Speakers explore pros and cons of new Comox Valley hospital

A slight majority of speakers were opposed Tuesday to the proposed zoning amendment for the development of the new Comox Valley hospital.

Of those expressing their opinions Tuesday night about the proposed zoning amendment for the development of the new Comox Valley hospital, a slight majority were opposed.

Courtenay council heard from about two dozen people at the Filberg Centre.

They commented about a 2.37-acre playing field site owned by the City facing Lerwick Road and an 11.17-acre portion of the North Island College campus. An Official Community Plan amendment and rezoning, respectively, would be required for the development of the 153-bed hospital at that site.

The facility is expected to cost about $334 million and be completed in 2017. It will be jointly funded by the provincial government (60 per cent) and the Comox-Strathcona Regional Hospital District (40 per cent).

“This is the most important institutional addition in many years,” said Courtenay resident George Aldcroft. “The $800,000 from VIHA that the City is getting (from the sale of the city property) for future parks is a winning solution for all parties.”

Money from the sale of the Courtenay-owned land to the Vancouver Island Health Authority would be used toward a regional playing field for the entire Comox Valley to use, according to a report to Courtenay council earlier this month from City director of legislative services Peter Crawford.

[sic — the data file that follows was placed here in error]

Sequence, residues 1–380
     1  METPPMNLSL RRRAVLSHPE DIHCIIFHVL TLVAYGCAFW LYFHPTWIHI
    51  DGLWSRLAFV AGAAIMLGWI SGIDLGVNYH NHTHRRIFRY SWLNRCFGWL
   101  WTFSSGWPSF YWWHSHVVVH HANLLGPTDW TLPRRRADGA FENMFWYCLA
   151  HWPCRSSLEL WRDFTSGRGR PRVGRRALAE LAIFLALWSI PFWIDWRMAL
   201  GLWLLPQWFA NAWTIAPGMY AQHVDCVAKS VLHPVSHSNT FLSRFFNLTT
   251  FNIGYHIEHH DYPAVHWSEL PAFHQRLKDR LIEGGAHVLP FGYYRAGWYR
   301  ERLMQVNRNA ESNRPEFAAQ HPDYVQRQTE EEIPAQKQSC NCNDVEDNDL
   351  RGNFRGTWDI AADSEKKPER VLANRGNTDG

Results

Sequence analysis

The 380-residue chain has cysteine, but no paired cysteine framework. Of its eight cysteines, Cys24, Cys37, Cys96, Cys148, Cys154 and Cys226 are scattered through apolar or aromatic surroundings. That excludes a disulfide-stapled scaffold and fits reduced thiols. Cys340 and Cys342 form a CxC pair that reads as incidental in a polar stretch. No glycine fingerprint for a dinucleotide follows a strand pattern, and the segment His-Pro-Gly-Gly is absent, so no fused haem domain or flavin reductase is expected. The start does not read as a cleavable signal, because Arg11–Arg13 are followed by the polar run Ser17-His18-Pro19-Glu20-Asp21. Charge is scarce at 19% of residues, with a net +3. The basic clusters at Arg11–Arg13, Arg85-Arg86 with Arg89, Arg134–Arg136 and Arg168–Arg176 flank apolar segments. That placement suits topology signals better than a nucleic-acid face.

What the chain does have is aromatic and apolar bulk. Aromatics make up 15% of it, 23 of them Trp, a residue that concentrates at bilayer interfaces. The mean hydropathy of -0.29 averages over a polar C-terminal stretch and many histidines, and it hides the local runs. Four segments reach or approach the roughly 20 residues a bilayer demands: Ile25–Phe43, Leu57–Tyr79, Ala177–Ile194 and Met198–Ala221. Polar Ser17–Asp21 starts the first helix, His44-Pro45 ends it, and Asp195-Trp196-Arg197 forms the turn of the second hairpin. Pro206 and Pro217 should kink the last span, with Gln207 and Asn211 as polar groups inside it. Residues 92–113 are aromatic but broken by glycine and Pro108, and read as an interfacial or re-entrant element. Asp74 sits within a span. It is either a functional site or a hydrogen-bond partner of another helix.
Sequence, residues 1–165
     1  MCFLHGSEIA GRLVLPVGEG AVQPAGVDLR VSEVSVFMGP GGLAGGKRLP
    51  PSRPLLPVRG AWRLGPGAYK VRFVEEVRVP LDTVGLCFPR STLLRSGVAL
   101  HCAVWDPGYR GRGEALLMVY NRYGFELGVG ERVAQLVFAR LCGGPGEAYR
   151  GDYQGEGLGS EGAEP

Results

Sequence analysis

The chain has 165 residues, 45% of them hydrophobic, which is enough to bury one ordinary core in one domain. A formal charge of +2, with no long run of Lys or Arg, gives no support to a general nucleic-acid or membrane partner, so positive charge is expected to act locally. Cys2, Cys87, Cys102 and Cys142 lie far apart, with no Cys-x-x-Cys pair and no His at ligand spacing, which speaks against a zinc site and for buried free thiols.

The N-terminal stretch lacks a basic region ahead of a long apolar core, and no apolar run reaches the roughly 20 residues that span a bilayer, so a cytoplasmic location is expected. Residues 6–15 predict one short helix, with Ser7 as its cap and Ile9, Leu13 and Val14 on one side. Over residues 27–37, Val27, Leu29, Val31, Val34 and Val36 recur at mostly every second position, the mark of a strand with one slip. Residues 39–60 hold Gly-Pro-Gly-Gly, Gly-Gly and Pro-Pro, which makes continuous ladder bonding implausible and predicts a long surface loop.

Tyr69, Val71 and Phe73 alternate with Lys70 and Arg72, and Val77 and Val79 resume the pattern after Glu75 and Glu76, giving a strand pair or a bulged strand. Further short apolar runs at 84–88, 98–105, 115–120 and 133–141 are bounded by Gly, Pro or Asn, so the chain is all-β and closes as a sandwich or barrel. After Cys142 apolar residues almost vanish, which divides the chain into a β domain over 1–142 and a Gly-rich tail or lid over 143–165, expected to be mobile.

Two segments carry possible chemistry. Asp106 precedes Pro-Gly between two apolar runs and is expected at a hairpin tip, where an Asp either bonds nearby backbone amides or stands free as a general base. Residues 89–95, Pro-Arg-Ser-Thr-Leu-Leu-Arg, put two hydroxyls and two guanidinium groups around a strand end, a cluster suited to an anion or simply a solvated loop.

The land sale would officially go through only after the rezoning process is complete.

Muir Road resident Tom Witty expressed concerns about the “totally unsatisfactory site for a district hospital.”

He said the land area is too small for parking and future expansion, and the infrastructure support would be a significant future burden for taxpayers of the city.

Some residents, including a physician/surgeon who works at St. Joseph’s General Hospital in Comox and the Campbell River Hospital concurred with Witty, and reminded council, “Your decision must not remain political, but what is best for the patient.”

Others expressed concerns around traffic, the impact on future growth of the college, loss of green space and trees and the proximity to Queneesh Elementary School.

“The size of the lot is too small,” said Dave Ogilvy. “Costco looks like it has a larger lot. There’s not enough room for growth for the hospital or the college.”

A group of Tamarack Drive residents, including Bev Skwernuik who began a petition opposing the rezoning, also expressed their concerns.

Some supporters of the amendments commented the process of constructing a regional hospital is not going to happen, and although there never will be a perfect situation, the project needs to move forward.

“The ship has sailed a long time ago. We’re not going to be getting a regional hospital,” noted Art Meyers. “We wanted a race horse and we ended up with a camel, and now we have to run with it.”

Bob Mortimer said he’s placing his trust in VIHA and their planners, while Bruce Muir and Comox Valley Regional District Area B Director Jim Gillis urged council to move forward as quickly as possible.

“There is never going to be a perfect solution,” noted Muir.

Between 70 to 80 people attended the public hearing. Courtenay council will be voting on the OCP and rezoning applications mostly likely at Monday’s council meeting, if not, the following week, confirmed John Ward, the city’s manager of corporate administration.

photos@comoxvalleyrecord.com

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